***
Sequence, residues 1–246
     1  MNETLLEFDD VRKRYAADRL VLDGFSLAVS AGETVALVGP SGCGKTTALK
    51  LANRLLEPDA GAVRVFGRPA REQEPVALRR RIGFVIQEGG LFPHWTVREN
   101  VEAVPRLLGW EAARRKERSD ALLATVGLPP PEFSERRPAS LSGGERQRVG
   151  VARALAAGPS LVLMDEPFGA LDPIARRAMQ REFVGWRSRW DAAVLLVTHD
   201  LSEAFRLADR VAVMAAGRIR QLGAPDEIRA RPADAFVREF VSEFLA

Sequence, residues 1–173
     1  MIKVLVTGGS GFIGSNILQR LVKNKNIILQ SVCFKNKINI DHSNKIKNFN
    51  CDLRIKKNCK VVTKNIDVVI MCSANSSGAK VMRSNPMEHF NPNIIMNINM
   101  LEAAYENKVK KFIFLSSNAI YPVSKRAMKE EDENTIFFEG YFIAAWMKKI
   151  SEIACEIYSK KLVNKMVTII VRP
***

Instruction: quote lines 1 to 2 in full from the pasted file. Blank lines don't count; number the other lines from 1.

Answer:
Sequence, residues 1–246
     1  MNETLLEFDD VRKRYAADRL VLDGFSLAVS AGETVALVGP SGCGKTTALK